Accepting the unthinkable. The senseless death of a family. The made for TV movie plot twist of the drunk driver whose path crossed theirs.
When the day began, the cast of characters had no clue that it would end in tears and devastation, or the ripple effect that it would create. A few months ago, I had the pleasure of meeting a woman who, based on her notoriety, media savvy, level of success and poise on the stage, could have been intimidating, but instead I found her to be warm, engaging, open-hearted and on a clearly-defined mission, which is to spread the word about forgiveness as a healing force. Her name is Shawne Duperon. She is one of those players in the heart-wrenching story.
According to her website ShawneTV: “This six-time EMMY Award winner has been in the television business for nearly 20 years. She has taught thousands how to communicate as leaders through powerful networking, social media and exquisite media interviewing skills. She themes her trainings around love, fear, and forgiveness and works with corporations, entrepreneurs, universities and government agencies all over the world. Her story of overcoming child sexual abuse has inspired thousands.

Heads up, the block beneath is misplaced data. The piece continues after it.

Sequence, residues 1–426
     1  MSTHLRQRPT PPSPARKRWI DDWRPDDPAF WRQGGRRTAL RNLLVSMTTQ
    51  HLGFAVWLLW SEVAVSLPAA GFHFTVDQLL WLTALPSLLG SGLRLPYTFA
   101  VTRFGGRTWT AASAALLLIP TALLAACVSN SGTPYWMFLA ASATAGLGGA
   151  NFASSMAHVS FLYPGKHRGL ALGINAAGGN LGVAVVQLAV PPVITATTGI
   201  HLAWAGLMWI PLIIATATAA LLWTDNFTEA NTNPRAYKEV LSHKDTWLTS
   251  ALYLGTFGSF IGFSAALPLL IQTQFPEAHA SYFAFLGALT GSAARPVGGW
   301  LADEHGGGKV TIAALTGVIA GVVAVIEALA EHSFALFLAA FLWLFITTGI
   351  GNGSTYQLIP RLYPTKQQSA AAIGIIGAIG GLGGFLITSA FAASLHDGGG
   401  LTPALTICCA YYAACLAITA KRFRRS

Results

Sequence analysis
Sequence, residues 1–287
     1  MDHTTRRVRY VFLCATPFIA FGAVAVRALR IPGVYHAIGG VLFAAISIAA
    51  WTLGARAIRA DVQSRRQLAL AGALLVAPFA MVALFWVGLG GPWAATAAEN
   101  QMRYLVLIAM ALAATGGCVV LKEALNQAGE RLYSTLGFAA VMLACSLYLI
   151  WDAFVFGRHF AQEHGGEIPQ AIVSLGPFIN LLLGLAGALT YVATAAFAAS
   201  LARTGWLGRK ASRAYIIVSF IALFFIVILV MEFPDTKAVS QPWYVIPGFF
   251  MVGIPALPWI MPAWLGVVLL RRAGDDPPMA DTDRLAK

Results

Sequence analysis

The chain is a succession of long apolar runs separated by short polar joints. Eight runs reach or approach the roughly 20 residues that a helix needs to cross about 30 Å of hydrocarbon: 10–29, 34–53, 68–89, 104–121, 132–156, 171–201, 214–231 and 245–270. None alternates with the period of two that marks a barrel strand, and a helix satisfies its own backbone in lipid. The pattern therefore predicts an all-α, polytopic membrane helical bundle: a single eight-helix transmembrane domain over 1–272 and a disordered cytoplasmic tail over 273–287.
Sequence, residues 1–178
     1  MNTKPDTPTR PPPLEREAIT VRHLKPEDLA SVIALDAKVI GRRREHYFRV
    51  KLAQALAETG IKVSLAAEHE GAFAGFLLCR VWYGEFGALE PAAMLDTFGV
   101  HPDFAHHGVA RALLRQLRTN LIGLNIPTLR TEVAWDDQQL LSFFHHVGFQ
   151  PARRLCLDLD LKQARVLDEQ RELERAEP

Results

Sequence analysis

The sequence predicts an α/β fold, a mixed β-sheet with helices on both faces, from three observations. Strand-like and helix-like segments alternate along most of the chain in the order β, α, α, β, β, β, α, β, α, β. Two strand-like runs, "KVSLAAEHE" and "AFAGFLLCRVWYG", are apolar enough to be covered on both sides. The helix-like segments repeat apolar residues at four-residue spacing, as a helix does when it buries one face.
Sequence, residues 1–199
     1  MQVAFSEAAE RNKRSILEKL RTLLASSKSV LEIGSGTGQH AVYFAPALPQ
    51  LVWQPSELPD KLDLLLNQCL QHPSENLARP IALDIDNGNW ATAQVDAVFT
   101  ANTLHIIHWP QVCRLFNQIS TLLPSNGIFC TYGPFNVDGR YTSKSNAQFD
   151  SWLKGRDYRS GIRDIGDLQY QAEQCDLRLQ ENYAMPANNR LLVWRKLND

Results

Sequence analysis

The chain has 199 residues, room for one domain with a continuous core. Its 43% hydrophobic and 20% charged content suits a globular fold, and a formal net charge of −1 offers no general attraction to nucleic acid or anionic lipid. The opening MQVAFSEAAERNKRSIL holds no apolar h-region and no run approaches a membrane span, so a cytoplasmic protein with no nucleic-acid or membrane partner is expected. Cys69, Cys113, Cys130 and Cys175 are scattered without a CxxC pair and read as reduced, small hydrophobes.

She’s collaborated with many best-selling authors and has replaced Bill Ford of Ford Motor Company when she spoke at the Department of Defense. She has interviewed most of our recent US presidents and has filmed hundreds of celebrities including Morgan Freeman, Yo Yo Ma, Senator John McCain and Secretary of State Hillary Clinton. You’ve watched her on national networks such as CBS’ “The Early Show” and have seen her featured in newspapers such as “USA Today,” “The Washington Post” and “The Chicago Tribune.”
One of her personal passions is the work she does with multicultural groups to help delete media stereotypes through strategic communication. Shawne is currently a PhD candidate, creating leading-edge research on the relationship between mass media and gossip (yes, gossip!). Her message: knowing how to create and navigate communication skills as a leader is the secret to unlimited marketing and personal power.”
“A few years ago, a man named Gary received news that his wife Judy and their children, twelve-year-old Alex and nine-year-old Sam were hit by a drunk driver and did not survive. Project: Forgive Producer Shawne Duperon, is a friend of Gary’s. What’s more, the driver turned out to be yet another of Shawne’s family friends, Tom Wellinger.”-Project: Forgive